We had to catch a bus at 10 in the morning from Esfahan to Shiraz, almost 500 km further south of the country.
Since we had missed to visit an important landmark in Esfahan, the Vank Cathedral, Mobinah got up very early and paid a visit to the Church that she described as a stunning structure with a lot of history.
Transportation hubs in Iran are most modern with excellent toilet facilities and not very crowded, so was the Esfahan Bus Stand Complex. Our luxury bus was very comfortable and initially it was only myself, Mehar and Mobinah, the only passengers. The bus driver and the conductor with thick hair, beards and moustaches kindly shared their personal coffee and snacks with us.
During the journey we passed through small towns and villages and I was amazed at the cleanliness of this country. No where we found any open gutters, rubbish and junk on roads or footpaths familiar in many third world countries. Midway we stopped for lunch and prayer. One of our fellow passengers, an engineer educated at Karachi during the seventies who had long conversations with me throughout the journey was very kind to buy us snacks for lunch.
After entering the city of Shiraz through the magnificent Quran Gate, we were received at the Shiraz bus stand by Mohammad, a long time friend who completed his PhD from UNSW in 1985 who I had not met ever since. He was now professor of Civil Engineering at the University of Shiraz.
Mohammad took us to our hotel apartment and very efficiently chalked out ur program for the next three days including a dinner with his family. He also organised a taxi/car with a driver also called Mohammad we later found out to be an excellent friend and helper and could only converse in Farsi.
Next day we made a day long trip to Persepolis or Takht-e-Jamshid and associated ruins such as Naqshe Rustam of ancient Persia and finally had dinner at Mohammed’s residence meeting his lovely family including his dignified sister in law sharing photos and talking about the good old days till late night.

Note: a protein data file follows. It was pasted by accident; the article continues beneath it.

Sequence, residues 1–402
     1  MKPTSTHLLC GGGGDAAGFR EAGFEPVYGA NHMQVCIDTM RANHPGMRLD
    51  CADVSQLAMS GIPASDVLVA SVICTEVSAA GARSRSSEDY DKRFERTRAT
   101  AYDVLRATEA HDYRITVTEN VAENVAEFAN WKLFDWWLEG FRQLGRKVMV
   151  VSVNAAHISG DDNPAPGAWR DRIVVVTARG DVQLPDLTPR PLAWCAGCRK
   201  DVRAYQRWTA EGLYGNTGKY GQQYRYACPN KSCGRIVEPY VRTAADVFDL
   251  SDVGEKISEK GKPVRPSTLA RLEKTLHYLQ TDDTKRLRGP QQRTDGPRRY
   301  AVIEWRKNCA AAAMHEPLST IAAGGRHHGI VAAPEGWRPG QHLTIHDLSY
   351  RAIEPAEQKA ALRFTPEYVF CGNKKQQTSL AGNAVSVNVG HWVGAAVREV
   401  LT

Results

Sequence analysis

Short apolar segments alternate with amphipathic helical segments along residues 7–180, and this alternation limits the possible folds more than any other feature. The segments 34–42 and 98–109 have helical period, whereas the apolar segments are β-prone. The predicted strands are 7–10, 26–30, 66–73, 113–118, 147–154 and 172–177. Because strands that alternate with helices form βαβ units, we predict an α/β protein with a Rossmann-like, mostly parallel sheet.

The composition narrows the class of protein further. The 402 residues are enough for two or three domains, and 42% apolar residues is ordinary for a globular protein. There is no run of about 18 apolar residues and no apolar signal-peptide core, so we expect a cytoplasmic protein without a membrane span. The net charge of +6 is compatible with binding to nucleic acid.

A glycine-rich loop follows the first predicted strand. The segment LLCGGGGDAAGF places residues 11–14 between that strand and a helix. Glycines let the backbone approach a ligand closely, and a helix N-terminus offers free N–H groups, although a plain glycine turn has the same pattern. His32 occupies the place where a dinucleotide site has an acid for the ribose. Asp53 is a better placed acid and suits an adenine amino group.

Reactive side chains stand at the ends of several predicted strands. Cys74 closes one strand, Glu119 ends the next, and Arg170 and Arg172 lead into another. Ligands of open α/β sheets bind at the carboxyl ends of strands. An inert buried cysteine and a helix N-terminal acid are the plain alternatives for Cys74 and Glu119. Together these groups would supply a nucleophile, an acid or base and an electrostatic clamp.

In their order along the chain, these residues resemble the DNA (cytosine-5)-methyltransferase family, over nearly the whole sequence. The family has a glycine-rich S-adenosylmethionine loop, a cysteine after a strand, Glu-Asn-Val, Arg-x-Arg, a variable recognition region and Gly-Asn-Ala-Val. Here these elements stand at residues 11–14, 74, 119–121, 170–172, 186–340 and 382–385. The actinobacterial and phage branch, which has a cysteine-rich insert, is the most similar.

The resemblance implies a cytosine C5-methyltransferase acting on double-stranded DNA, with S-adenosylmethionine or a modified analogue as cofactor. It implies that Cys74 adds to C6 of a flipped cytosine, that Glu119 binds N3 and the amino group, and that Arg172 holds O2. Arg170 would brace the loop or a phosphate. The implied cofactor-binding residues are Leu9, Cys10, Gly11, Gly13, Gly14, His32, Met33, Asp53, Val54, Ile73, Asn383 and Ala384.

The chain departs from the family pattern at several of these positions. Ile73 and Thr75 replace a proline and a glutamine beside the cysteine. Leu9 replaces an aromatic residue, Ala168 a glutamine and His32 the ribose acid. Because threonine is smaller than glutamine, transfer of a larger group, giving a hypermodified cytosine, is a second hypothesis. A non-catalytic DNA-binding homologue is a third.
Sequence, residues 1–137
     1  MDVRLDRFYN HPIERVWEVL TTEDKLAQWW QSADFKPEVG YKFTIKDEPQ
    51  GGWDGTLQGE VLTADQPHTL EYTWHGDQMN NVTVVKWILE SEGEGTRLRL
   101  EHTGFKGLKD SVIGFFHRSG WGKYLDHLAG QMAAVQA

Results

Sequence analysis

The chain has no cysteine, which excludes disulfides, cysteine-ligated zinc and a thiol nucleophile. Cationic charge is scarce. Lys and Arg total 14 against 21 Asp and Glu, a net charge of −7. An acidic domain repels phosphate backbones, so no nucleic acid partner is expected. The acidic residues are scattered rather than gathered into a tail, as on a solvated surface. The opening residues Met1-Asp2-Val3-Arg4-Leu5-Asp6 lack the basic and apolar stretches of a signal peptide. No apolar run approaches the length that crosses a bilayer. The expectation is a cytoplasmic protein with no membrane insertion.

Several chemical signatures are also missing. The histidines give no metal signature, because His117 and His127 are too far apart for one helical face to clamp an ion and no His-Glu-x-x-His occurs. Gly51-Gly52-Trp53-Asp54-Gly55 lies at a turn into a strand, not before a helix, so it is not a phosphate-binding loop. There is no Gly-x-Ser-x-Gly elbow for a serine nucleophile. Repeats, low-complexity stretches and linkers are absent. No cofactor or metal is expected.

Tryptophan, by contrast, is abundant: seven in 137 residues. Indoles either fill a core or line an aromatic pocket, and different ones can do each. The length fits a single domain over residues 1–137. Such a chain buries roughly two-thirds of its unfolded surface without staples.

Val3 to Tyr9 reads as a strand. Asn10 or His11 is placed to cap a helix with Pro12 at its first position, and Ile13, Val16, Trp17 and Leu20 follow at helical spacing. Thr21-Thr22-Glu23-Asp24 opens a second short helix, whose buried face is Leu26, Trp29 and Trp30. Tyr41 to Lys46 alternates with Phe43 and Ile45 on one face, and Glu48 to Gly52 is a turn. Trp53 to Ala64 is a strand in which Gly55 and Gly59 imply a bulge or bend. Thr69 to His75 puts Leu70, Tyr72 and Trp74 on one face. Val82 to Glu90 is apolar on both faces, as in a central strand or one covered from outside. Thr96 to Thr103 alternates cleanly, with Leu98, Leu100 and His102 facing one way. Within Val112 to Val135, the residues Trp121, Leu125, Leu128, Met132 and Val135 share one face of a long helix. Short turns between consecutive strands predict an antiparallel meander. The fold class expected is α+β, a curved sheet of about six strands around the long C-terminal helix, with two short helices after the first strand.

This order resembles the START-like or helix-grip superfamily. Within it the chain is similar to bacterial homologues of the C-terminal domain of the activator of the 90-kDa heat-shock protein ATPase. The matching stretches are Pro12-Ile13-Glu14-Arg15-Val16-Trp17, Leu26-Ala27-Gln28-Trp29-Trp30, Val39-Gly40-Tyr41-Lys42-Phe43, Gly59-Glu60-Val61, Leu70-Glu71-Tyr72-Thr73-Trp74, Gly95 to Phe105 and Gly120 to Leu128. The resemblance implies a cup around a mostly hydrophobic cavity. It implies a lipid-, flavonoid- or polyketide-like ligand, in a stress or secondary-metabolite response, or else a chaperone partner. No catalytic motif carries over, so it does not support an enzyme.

Shiraz is the city of poets, the two most famous being Hafez and Saadi, very popular in India as well, whose tombs and associated gardens are a pleasure to visit. The well maintained parks had the the poetry being recited via speakers throughout the gardens. On my father’s request, who knows Farsi very well, I purchased Deewane Hafez and Bostane Saadi, collections of the poets’ works.
We visited the historic mansion and Bagh-e-Eram including the underground museum of Shirazi arts, culture and poets. It is at this place where all three of us decided to put on traditional Iranian dresses to take our own photos and then found many of the foreign tourists, Americans, Germans, Turkish and Koreans had their cameras pointed at us taking our photos around the gardens and the mansion.
On the final day we had to comply with Mobinah’s wish of visiting the Nasir al-Mulk mosque to take magnificent photos inside while morning sunlight entered through colourful glasses on doors and windows.
We caught yet another train from Shiraz back to Tehran, a 16 hour journey in very much comfort.
Next: Back to Tehran, and Qom side trip
This is part 2 of the series Safarnameh: A two week study tour of Iran.